April 4, 2011 | HR Compliance | Posted by Ascentis
IRS 2011 Offshore Voluntary Compliance Initiative
Ascentis prides itself on the relationships with develop with our partners. Often, our partners have valuable information we wish to share with our reader base from our partners monthly newsletter. This month we bring you an article from the monthly newsletter of High Street Partners, an international business services firm which offers SaaS-enabled services that simplify the management and control of international operations. They also offer assistance with the implementation and ongoing management of international subsidiaries and other entities, providing entity set-up and registration(s), payroll, accounting, tax filing, HR assistance, and legal and tax compliance services.
In February, the IRS announced 2011 OVCI, its second Offshore Voluntary Compliance Initiative for taxpayers who did not meet the 2009 deadline for participation in the first disclosure program. The OVCI aims "to bring taxpayers that have used undisclosed foreign accounts and undisclosed foreign entities to avoid or evade tax into compliance with United States tax laws".
While the terms outlined are not as favorable as those in the 2009 plan, the 2011 OVCI does include reduced penalties and the ability to avoid possible criminal sanction for those who comply with the filing process.A little background (directly from the IRS Website): The IRS’s prior Offshore Voluntary Disclosure Program (2009 OVDP), which closed on October 15, 2009, demonstrated the value of a uniform penalty structure for taxpayers who came forward voluntarily and reported their previously undisclosed foreign accounts and assets. Not only did the initiative offer consistency and predictability to taxpayers in determining the amount of tax and penalties they faced, it also enabled the IRS to centralize the civil processing of offshore voluntary disclosures. Therefore, it was determined that a similar initiative should be available to the large number of taxpayers with offshore accounts and assets who applied to IRS Criminal Investigation’s traditional voluntary disclosure practice since the October 15 deadline.
Taxpayers have until August 31, 2011 to complete the proper paperwork and pay taxes, penalties and interest due under the terms of the 2011 initiative. Calendar year taxpayers must include tax years 2003 through 2010 in which they have undisclosed foreign accounts and/or undisclosed foreign entities. Fiscal year taxpayers must include fiscal years ending in calendar years 2003 through 2010 (i.e. tax years 2002 – 2009).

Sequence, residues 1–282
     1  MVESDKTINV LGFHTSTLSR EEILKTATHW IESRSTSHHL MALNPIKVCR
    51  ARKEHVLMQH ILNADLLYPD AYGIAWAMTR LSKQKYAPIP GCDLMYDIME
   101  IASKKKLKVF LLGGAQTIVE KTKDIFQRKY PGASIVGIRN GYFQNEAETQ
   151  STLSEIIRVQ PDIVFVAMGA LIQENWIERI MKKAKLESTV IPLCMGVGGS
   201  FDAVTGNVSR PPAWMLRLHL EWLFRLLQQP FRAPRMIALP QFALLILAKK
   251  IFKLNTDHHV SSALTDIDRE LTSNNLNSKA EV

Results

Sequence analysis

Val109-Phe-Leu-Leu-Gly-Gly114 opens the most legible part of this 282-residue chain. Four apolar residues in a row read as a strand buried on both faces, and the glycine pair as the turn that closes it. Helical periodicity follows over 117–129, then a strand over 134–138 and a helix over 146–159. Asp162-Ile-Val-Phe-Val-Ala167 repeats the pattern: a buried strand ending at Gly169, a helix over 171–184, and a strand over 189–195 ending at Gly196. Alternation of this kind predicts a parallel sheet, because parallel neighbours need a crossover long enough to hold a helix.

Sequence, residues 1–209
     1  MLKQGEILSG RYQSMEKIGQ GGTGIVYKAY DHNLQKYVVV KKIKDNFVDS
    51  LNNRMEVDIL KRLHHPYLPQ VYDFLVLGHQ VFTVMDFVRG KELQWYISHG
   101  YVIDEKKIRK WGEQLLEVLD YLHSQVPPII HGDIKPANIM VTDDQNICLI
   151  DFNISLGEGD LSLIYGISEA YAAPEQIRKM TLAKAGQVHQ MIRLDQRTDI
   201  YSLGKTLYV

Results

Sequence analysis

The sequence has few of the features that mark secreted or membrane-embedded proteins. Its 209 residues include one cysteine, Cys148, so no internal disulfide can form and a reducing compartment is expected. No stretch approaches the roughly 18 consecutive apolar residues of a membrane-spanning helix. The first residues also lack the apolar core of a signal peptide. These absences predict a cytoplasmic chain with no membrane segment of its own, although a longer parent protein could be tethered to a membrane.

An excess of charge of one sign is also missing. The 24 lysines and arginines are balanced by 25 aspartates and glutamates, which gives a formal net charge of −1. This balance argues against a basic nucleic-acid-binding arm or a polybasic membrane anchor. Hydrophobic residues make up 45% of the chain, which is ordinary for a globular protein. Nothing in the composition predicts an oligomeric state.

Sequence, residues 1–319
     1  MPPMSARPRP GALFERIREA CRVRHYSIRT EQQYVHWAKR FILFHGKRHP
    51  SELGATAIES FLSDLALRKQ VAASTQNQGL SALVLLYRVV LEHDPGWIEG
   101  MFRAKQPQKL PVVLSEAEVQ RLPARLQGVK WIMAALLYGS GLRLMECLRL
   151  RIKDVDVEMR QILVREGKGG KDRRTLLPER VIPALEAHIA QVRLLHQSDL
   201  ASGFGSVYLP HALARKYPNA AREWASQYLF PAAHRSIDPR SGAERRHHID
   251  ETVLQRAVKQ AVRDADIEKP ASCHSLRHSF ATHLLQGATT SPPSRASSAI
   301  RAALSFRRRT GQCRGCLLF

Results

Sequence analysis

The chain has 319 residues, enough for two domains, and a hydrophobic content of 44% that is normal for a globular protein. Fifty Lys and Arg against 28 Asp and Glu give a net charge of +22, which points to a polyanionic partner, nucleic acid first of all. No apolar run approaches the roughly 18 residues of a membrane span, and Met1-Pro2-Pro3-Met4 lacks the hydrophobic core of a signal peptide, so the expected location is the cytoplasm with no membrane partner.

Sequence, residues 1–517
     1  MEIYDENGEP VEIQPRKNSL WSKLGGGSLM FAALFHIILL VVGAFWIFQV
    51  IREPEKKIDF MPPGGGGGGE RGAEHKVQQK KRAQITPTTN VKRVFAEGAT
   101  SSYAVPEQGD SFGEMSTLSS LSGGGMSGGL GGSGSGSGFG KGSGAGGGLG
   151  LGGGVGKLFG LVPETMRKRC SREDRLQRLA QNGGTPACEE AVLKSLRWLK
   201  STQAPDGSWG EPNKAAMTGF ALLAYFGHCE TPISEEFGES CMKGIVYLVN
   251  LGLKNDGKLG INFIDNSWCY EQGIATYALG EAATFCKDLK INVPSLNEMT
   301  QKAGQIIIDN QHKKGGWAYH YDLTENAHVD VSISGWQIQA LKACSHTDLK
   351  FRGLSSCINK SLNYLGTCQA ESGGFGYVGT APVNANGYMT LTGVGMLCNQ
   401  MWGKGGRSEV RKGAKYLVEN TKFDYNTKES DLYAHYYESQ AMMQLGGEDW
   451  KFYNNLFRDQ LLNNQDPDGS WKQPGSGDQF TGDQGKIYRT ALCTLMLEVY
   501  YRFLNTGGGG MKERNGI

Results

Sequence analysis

As a critical piece of the initiative is proper filing of a Report of Foreign Bank and Financial Accounts (FBAR), which discloses a financial interest or signatory authority over a foreign financial account, we have included further detail below:FBAR Reporting Obligations
Under federal banking law, any US person with a financial interest in, or signature authority over, any financial account in a foreign country must file Form TD F 90-22.1 - Report of Foreign Bank and Financial Accounts (FBAR) if the value of the account exceeds $10,000 at any time during the calendar year.
U.S. citizens and residents must disclose an interest in a foreign financial account on Schedule B of their annual U.S. tax return in addition to filing an FBAR.
In late February, the U.S. Treasury Department released final regulations regarding FBAR filing obligations, applicable for Form TD F 90-22.1, which is due annually on or before June 30th for accounts maintained in calendar year 2010 and subsequent years. No extensions are available. The changes include clarifications on whether an account is “foreign”, the appropriate treatment of custodial accounts and foreign mutual funds, and the definition of signature or other authority. The rules also outline a financial interest in a trust context and rules for record maintenance for officers or employees who have signature or authority over the accounts. Non-willful violations that the IRS determines were not due to reasonable cause are subject to a $10,000 penalty per violation.
Founded in 2003 by Larry Harding, former VP of International Finance for Ciena Corporation, High Street Partners is headquartered in Annapolis, Maryland with additional U.S. offices in Boston, Atlanta, San Diego, San Francisco, and San Jose. They have a vast international presences, with locations in London, Tokyo, Shanghai and Hong Kong, regional specialists in many markets, and a network of local service providers around the globe.